Will you see fur clothing on the shelves again?
This month, just a week before the Fresher’s week at our Uni, there was one of the most anticipated events in the fashion industry – London Fashion Week (LFW). LFW took place from the 14th to 19th September 2017. The whole week was organised and the timetable of the events was put on the LFW website. However, nobody could have predicted that just before the Burberry’s show, which was supposed to be at 7 pm in Old Sessions House in London’s Clerkenwell, the paparazzi, photographers and guests of this event would be met by 250 anti-fur activists.
Animal welfare protestors were covered in fake blood and were shouting on the attendees of the festival, showing billboards with poor, tortured animals. Such protests are not new to this kind of shows, but this is the first time when the activists took up residence outside the British Fashion Council’s (BFC) hub at 180 The Strand.
The protestors, declaring that the petition against BFC had 200,000 signatures and their campaign video had exceeded 1 million views. The action was also supported online by Lucy Watson through Instagram with photos of her holding posters saying ‘Tell the British Fashion Council to ban fur from the catwalk’ and hashtags #banfur.
Anti-fur activists argue that over 1 billion rabbits and more than 50 million other animals are killed every year for fashionable brands.
But this protest was somewhat unpredicted during this LFW as the Spring/Summer collections 2018 were designed to be without fur and were introduced by over 150 international and British brands, including some of the famous ones like ERDEM, Ralph &Russo, Burberry, Tommy Hilfiger, Stella McCartney, Gareth Pugh.
Many other famous designers such as Armani, Calvin Klein Ralph Lauren, Tommy Hilfiger, H&M Group, the Inditex group (which owns Zara), American Apparel, Topshop, Mango, Topshop, River Island, Marks & Spencer and Zalando are all part of the Fur Free Alliance’s Fur Free Retailer Program and Net-a-Porter, Selfridges and Liberty do not use fur even for their winter collections, supporting the idea of protecting animals. Moreover, even the only two furry pink coats seen on the runway were made from 100 percent polyester.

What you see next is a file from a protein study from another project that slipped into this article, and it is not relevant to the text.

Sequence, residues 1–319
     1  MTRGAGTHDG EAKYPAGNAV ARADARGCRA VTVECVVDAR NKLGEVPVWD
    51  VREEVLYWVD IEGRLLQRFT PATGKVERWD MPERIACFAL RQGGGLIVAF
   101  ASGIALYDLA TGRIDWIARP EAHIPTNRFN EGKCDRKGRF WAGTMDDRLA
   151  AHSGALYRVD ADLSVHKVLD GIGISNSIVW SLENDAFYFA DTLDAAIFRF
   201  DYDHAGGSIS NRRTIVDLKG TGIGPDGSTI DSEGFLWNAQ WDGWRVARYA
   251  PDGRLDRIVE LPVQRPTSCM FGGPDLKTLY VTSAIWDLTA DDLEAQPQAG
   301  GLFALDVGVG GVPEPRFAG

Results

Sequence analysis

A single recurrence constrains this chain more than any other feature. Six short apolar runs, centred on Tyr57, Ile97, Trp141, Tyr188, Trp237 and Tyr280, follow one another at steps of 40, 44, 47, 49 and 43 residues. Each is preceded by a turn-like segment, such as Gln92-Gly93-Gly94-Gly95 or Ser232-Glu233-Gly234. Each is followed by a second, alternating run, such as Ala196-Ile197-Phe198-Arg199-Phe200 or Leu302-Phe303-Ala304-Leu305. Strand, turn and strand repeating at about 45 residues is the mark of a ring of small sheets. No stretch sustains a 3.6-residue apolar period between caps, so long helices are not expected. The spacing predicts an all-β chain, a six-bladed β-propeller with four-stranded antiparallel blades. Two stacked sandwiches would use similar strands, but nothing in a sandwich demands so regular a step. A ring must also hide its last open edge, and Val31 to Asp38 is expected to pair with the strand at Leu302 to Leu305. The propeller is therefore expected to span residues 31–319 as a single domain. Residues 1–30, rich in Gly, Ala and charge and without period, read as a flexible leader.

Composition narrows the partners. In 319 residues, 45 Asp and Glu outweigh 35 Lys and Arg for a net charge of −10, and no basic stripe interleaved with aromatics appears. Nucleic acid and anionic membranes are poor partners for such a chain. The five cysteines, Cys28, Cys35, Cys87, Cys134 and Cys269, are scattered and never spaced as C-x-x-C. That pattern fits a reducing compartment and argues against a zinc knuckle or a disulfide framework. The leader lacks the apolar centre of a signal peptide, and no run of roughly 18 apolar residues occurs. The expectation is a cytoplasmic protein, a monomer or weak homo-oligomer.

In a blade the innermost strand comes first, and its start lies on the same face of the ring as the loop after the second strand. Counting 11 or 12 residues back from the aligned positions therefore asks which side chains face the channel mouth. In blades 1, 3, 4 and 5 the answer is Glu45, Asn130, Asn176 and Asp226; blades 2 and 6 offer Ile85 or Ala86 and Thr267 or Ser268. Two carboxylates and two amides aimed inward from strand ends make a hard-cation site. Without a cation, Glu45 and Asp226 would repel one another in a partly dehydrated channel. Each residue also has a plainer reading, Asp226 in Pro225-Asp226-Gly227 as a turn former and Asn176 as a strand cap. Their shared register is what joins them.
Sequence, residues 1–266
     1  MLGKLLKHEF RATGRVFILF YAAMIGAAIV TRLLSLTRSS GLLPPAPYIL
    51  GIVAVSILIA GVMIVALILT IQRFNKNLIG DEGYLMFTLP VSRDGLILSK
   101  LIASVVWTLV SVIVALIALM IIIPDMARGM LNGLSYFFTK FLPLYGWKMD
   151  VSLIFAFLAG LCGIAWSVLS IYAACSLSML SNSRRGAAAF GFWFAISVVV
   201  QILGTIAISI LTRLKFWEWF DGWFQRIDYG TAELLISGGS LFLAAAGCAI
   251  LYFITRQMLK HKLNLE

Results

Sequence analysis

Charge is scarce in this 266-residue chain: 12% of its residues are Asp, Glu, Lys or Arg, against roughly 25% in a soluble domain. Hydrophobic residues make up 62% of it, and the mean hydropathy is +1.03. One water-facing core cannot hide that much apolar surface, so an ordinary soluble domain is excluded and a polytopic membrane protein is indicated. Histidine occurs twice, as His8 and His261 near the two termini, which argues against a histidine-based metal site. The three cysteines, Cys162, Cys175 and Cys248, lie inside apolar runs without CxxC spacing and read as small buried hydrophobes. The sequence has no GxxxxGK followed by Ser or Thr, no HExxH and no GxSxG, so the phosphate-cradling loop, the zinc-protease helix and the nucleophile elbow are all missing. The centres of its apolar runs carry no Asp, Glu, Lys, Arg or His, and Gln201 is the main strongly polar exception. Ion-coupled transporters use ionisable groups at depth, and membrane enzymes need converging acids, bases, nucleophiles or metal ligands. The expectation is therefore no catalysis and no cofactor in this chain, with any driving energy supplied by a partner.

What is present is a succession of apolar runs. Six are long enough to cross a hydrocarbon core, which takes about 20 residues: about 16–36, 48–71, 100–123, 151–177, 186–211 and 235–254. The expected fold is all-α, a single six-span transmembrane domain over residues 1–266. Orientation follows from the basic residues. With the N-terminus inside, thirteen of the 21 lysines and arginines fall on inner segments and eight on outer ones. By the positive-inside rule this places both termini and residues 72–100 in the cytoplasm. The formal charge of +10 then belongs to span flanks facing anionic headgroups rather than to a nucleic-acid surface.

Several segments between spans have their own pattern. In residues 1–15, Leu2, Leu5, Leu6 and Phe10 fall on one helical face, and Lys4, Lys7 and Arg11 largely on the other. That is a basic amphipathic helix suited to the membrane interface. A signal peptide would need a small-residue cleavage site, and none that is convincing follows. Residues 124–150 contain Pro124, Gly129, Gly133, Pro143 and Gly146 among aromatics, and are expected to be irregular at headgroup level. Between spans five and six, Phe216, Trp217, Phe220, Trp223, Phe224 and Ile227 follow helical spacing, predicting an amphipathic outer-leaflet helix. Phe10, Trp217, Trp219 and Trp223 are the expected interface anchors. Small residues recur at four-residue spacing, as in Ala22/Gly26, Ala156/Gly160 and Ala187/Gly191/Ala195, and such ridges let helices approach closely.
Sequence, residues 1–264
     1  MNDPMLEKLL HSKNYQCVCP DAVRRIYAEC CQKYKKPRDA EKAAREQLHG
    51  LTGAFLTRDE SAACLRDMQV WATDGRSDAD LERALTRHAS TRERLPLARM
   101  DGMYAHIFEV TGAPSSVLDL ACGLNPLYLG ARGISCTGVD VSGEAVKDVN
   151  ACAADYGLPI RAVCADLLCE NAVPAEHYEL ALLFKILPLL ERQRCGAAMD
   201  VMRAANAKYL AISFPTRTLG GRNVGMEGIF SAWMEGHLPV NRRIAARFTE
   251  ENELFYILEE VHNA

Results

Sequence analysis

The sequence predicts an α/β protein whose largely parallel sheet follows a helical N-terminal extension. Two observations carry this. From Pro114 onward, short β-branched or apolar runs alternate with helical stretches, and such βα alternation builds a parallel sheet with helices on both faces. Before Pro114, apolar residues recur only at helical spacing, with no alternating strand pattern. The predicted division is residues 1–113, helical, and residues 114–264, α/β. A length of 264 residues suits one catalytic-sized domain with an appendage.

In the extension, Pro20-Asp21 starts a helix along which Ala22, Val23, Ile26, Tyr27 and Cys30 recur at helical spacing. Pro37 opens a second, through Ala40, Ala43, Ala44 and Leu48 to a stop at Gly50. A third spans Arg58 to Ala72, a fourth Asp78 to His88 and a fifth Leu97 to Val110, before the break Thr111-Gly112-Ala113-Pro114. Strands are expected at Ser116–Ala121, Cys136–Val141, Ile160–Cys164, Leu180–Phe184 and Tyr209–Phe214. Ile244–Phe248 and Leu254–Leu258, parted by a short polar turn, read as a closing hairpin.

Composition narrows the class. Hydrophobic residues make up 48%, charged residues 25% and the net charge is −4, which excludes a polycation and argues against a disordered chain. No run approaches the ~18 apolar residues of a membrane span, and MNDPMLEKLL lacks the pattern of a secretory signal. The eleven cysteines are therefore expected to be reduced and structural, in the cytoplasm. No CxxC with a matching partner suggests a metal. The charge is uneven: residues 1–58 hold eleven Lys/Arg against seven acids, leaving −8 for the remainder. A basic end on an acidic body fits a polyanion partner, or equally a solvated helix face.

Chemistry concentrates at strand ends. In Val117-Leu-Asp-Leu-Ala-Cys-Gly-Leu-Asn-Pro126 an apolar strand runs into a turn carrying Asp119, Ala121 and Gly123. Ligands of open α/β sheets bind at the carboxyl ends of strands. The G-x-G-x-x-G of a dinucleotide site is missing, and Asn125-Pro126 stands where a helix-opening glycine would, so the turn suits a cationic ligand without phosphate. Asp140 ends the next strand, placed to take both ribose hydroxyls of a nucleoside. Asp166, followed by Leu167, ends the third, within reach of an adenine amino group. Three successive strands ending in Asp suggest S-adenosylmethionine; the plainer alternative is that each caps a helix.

However, despite the support of these world famous brands the fashion industry is still divided on whether to participate in the worldwide fur trade or not, as it is a market worth more than $40 billion a year that employs over 1 million people.
The International Fur Trade Federation (IFTF) argues that fur sales have more than doubled, from $15.6 billion in 2011 to $35.8 billion in 2013.
Despite this fact, the fashion industry fights with the use of fur. For instance, Oslo Fashion Week has banned fur collections. Fashion celebrities in the UK such as Twiggy, Leona Lewis, Ricky Gervais have spoken out for fur-free clothes. Also, designers such as Vika Gazinskaya and Shrimps are working with cutting-edge technologies to produce vegan fabrics that imitate fur without using any real animal furs.
Therefore, is the decision to protest so ferociously before Burberry’s fashion show really necessary? It seems like there are a lot of pressing issues within the fashion industry but the use of fur seems to be getting tackled from many angles.
Last modified: 2nd October 2017